## Counting and Pattern Tiles

These colorful tiles are excellent

in helping young mathematicians

explore concepts including:

Patterns,

Counting,

and Arithmetic

### “What can I do with these tiles?”

Read below to discover topics, activities, and discussion questions to get you started in mathematical play!

### I. Explore Patterns

- Line up the tiles to create a simple pattern. Ask your child to continue the pattern.

Pattern ideas: Green Green Yellow Green Green Yellow…

Green Blue Green Red Green Blue Green Red …

Vertical Vertical Horizontal Vertical Vertical Horizontal…

- Have your child create his/her own patterns.

Encourage your child to think about building patterns

- In a straight line horizontally
- In a straight line vertically
- In unique lines or curves
- In a grid

### II. Practice Arithmetic & Grouping

- Pour out a number of tiles of the same color (ideally green or yellow) and have your child count the tiles. (Recommended: pour at least 15 tiles.)
- If your child starts by counting one by one, that’s ok – let your child finish counting that way.
- Discuss grouping with your child – have your child make piles of tiles that are the same size. (Recommended: start with piles of 5). After all possible piles are made (plus any leftover tiles), skip count using the piles (“5, 10, 15, 20, plus three extra, equals 23.”)
- Try groupings of different sizes: piles of 2, 3, 4, etc.
- If your child is beginning to learn multiplication and is having trouble with multiplying a certain number, use these tiles to practice making piles of that number. (Ex: if your child is struggling with 9x?, practice making piles of 9.)

- Substitution: Pour out a number of tiles of the same color (green or yellow). Pour out at least 20 tiles. Again, have your child count the tiles in the way that he/she is most comfortable.
- Once again, make piles of tiles. (Recommended: start with piles of 5.)
- Now, let’s define a pile of 5 green tiles to equal 1 blue block. On a piece of paper, lay down 1 blue tile and write an equal sign next to it. Now place 5 green tiles on the other side of the equal sign. We have now defined the variable Blue Tile.
- Go back to your piles of green blocks on the table. For every 5 green blocks, remove that pile and replace with a blue tile. You will probably have some green tiles left over – that’s ok!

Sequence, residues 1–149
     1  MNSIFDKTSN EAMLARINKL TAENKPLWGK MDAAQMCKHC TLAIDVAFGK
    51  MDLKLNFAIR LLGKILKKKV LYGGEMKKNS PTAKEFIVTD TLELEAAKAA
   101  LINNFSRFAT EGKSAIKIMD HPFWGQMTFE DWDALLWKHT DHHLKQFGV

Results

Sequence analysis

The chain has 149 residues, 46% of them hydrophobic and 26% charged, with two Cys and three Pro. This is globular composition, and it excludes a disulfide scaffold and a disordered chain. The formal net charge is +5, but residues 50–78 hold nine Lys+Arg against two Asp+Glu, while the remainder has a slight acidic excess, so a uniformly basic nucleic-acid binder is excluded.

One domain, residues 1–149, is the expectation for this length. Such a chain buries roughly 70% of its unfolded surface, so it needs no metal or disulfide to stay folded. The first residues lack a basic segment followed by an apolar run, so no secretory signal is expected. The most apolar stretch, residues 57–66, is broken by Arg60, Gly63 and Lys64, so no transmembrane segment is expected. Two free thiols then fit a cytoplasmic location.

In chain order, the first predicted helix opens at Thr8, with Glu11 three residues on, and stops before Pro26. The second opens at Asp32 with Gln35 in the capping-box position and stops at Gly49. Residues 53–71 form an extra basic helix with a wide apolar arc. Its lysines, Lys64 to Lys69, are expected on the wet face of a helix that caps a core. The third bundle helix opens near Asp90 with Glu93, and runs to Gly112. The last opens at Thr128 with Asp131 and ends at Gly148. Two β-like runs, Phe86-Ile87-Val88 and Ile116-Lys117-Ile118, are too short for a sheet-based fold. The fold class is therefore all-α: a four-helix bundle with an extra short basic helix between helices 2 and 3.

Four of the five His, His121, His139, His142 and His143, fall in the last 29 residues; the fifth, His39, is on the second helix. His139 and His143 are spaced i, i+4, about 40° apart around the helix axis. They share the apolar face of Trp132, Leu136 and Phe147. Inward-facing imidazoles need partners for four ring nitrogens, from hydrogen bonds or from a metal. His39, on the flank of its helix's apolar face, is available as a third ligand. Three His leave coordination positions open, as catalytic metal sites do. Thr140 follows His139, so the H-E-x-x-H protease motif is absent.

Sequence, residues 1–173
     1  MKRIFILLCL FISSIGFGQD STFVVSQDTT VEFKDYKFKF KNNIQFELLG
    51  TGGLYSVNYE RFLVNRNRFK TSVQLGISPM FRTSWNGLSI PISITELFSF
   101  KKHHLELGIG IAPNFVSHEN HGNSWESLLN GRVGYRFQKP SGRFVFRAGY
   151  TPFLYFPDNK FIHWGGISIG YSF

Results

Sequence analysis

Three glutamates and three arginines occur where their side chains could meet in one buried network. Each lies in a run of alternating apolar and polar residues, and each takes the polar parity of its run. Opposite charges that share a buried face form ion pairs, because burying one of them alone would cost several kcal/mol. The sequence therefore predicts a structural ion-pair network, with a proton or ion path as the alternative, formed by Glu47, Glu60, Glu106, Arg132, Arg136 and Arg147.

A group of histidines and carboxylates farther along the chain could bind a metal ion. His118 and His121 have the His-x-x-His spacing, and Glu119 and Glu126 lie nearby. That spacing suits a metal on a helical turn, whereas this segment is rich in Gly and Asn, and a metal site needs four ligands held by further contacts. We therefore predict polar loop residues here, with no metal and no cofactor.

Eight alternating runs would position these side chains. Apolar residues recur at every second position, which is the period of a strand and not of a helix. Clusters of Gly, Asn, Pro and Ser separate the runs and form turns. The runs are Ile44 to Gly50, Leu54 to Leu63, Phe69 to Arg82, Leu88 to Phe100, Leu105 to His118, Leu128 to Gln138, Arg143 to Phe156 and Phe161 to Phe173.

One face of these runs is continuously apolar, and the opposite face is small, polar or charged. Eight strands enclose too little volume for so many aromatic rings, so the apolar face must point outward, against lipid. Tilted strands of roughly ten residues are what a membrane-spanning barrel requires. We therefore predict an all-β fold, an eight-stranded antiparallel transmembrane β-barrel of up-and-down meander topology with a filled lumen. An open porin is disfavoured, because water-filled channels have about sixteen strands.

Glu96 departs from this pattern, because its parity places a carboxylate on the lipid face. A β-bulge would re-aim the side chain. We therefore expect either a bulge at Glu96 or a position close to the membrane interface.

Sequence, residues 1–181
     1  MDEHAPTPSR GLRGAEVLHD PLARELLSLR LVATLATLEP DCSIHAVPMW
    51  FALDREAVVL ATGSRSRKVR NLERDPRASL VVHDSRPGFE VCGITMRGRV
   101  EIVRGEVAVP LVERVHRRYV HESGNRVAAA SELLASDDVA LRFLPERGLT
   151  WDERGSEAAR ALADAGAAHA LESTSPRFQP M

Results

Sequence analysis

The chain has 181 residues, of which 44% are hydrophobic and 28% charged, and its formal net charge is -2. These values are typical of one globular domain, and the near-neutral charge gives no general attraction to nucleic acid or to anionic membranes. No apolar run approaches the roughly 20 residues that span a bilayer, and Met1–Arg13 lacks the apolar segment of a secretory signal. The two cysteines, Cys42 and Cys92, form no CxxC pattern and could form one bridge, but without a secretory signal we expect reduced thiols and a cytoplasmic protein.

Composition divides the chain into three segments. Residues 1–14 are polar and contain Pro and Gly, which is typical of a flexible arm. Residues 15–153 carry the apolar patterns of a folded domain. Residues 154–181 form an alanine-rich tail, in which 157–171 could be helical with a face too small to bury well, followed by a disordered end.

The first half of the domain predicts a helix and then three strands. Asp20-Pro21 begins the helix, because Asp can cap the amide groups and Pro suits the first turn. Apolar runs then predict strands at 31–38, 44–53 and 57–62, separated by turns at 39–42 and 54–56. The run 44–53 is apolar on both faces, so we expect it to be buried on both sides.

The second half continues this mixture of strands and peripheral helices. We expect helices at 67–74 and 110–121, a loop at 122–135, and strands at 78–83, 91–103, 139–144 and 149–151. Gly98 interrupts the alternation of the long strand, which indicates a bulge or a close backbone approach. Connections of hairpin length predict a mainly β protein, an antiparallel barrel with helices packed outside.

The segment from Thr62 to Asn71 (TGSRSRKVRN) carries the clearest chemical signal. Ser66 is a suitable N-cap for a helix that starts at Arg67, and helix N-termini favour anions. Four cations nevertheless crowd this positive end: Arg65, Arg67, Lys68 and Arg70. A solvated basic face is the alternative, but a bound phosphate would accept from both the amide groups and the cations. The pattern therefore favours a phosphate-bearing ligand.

- Count again, now with each single blue tile = 5. “5, 10, 15, 20, 25, plus 4 extra greens is equal to 29.”

Also try:

- Pouring out more green tiles (have at least 30 total) and try defining a red block to be = 10.
- Try defining the blue and red blocks to be any values you wish (2, 3, 4, 20, etc).
- Try defining each block to be a place value. For example, say reds are thousands, blues are hundreds, yellows are tens, and greens are ones.
- What number does 2 reds, 4 blues, 7 yellows, and 2 greens equal?
- What number does 14 blues, 8 yellows, and 11 greens equal?

- Try defining the red blocks to be negative numbers, ex, -2. What would three green blocks plus one red block equal?

### III. Explore Probability, Percentages, Fractions

- Create a simple pattern of tiles (start with just using two colors).
- Ex: Green Red Green Red Green Red:
- What percentage of tiles are Green? What percentage of tiles are Red?
- What fraction of the tiles are Green? What fraction of the tiles are Red?

- Ex: Yellow Yellow Green Blue Yellow Yellow Green Blue
- What percentage of tiles are Blue? Green? Yellow?
- What fraction of the tiles are Blue? Green? Yellow?

- Ex: Green Red Green Red Green Red:
- Have your child create different arrangements and patterns using different colors. Discuss what percentage and what fraction exist of each color.
- Pick a fraction and its corresponding percentage: say, ¼ and 25%. How many different ways can you represent those values using the tiles?
- Examples of ways:
- Place down three tiles of one color and a fourth tile of another color.
- Place down four tiles, one of each color, where each tile = ¼ or 25%.
- Place down any four tiles with three having a vertical orientation and the fourth having a horizontal orientation. Or three laying down on the table and one standing up.
- Place down 20 tiles where 15 are in one color and the remaining 5 are in another color.

- Examples of ways:
- Pick four tiles: three in one color, the fourth in a second color, and place them inside a concealed box or bag. Discuss: what is the probability of reaching inside and pulling out the one tile of the second color?
- What if you add more tiles to that bag/box? How do the probabilities change?
- What happens if you draw a tile and place it back inside, VS draw a tile and leave it out of the bag? How do the probabilities for each color tile change then?

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